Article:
5. Think about your margins: As a start-up micro entrepreneur, it's easy to get carried away by cash flow. Especially when your customers are paying for shipping (it can appear to inflate revenues), it's not hard to get a mind-set that has you thinking you're making more money than you are. That can happen off-line, too. We have done more than one real-world sales event at which we thought we were making a killing, only to find that by the time we added in travel expenses, cost of goods sold, show entry fees, etc, we had worked hard all weekend and basically broke even. Unless you are Amazon.com, I think one of the secrets to profitability for small operators is to keep your margins up. The more pure profit per sale, obviously, the better off you are. Make sure you're not just churning money.

  6. Track your sales weekly: Okay, I admit that I was pretty stupid about this, but I don't have great online sales records from day one. That's because when I started our online effort, it was very much as an adjunct to the main, real-world business. Now that it has grown up a bit I wish I had better records from the early months, because I'd love to be able to show my banker a steady pattern of e-commerce sales growth.

  7. Focus on what you know: It's easy to get too spread out, to stray from your primary focus. And that goes double on eBay, where it's so easy to get the auction fever and persuade yourself that you can sell anything. Yet you will sell best what you know the most about. I once thought about selling laptops on line, but quickly realized that there is more to success than buying low and selling high. I know some things about orchids. I know next to nothing about the used laptop market.

  8. Ignore the competition — sometimes: You likely will be tempted to spend a lot of time checking out the prices and deals being offered by the competition, and then spending even more time trying to devise your own pricing strategy. My advice is to keep an eye on the competition, but don't obsess about it. If you develop a reputation for quality merchandise and great service at fair prices, it will pay off in the end. That's why I have been a Lands End shopper for so many years.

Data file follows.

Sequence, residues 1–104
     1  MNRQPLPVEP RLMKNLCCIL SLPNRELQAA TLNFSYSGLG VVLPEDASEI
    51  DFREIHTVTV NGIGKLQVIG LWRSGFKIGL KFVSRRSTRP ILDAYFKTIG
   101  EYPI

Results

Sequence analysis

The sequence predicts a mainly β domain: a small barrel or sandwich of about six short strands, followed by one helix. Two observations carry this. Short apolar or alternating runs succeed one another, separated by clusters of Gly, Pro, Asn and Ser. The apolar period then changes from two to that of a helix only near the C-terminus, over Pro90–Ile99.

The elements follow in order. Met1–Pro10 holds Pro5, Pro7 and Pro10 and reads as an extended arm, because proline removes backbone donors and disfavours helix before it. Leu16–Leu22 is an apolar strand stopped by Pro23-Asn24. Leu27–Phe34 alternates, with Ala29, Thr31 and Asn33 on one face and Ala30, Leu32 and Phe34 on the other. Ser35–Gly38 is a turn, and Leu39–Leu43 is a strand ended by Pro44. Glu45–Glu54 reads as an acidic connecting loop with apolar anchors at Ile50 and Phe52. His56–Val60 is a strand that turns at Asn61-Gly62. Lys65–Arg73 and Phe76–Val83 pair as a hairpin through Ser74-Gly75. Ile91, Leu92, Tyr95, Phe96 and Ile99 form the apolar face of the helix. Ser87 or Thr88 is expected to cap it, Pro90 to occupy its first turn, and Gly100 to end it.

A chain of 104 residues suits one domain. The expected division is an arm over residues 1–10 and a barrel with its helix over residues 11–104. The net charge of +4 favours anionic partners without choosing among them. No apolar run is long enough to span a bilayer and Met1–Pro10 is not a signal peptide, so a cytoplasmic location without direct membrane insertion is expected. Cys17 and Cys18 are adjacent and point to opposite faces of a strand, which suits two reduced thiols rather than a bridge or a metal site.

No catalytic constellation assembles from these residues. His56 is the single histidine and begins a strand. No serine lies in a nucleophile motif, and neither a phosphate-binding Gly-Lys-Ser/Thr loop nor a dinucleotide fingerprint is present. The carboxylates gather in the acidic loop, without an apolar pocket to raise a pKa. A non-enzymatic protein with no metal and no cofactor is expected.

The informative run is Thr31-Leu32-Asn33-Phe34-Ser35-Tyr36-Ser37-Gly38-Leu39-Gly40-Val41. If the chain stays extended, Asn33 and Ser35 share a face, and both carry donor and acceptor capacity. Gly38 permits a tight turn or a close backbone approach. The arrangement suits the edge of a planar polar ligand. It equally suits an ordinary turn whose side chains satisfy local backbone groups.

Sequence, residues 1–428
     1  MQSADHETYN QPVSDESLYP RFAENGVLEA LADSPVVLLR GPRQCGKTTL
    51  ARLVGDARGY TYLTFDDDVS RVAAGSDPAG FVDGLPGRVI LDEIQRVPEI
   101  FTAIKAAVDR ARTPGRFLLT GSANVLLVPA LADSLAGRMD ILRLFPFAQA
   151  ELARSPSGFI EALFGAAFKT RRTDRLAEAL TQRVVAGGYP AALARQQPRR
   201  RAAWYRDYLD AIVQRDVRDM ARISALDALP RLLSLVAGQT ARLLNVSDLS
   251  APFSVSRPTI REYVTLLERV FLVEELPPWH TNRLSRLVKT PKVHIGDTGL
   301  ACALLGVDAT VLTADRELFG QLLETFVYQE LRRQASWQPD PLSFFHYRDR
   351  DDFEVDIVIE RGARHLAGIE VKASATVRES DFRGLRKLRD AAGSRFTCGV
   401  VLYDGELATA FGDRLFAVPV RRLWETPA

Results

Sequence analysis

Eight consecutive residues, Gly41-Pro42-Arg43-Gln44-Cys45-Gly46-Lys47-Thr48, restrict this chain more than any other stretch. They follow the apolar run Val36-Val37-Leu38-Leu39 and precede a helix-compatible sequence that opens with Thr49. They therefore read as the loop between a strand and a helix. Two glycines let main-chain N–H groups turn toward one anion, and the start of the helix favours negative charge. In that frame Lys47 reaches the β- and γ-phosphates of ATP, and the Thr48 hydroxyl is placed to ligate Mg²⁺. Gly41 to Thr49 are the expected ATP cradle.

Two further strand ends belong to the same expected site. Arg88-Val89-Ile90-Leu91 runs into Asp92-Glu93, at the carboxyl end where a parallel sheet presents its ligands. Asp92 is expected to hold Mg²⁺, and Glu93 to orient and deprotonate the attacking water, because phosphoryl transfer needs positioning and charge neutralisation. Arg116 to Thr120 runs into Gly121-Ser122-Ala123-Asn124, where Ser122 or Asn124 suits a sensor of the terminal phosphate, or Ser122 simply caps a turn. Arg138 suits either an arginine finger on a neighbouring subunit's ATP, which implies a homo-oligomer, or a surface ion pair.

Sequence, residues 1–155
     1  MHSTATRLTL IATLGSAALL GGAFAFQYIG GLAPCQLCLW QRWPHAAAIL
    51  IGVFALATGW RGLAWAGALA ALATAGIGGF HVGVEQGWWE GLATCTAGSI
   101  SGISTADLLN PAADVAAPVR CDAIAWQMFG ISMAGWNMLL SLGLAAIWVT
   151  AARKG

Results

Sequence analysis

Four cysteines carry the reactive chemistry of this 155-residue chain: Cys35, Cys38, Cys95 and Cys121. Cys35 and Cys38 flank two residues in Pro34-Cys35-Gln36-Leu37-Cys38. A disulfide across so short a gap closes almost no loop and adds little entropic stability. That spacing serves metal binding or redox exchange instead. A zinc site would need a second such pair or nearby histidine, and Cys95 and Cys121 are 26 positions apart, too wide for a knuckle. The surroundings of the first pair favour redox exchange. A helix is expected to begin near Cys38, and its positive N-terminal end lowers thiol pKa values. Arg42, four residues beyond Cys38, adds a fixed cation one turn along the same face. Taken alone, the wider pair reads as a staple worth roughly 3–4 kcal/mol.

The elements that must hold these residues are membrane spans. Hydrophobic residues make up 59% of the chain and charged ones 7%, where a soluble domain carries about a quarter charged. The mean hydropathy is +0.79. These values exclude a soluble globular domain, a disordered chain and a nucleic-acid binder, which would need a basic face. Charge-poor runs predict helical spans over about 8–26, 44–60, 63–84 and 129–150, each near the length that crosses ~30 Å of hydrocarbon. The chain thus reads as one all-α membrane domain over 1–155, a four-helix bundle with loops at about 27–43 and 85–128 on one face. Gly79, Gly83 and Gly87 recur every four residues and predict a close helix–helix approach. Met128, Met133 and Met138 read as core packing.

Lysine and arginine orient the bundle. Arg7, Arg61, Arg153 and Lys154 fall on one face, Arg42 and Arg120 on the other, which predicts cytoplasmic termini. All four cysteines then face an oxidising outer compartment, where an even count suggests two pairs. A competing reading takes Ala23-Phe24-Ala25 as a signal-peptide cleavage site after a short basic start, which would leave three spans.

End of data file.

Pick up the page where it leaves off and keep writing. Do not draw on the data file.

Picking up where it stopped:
9. Take money the old fashioned way: Yes, I mean checks and money orders. It's easy enough to tell yourself that in this day and age, everyone ought to pay for everything electronically. But if you opt not to take more conventional methods of payment, you'll be losing business from customers who are less than comfortable with putting a lot of sensitive financial information such as credit card numbers out on the Internet. I've been amazed at how many money orders we get — perhaps some folks don't want to let their spouses know what they are buying, I don't know. But we have increased our revenues a bit by accepting more old-fashioned methods of payment.

  10. Offer a guarantee — and mean it: Our policy is "no unhappy customers." We strive to make everyone a satisfied customer, even if we have to refund a purchase. Repeat customers are one of the keys to e-commerce success. And by going out of our way to make potentially unhappy customers happy, it really has cost us very little. Often you can do it not by giving someone a refund, but by giving them additional merchandise. It's frequently cheaper. When we shipped the wrong plant to one of our first online customers, we said simply: "Keep it. We'll get the right one out to you today." And of course, we still have that person as a customer.

Some of the best lessons in life come from running the smallest businesses. Rekindle your entrepreneurial spirit by remembering why you went into business for yourself in the first place.

Adpated from ecommerce-guide.com.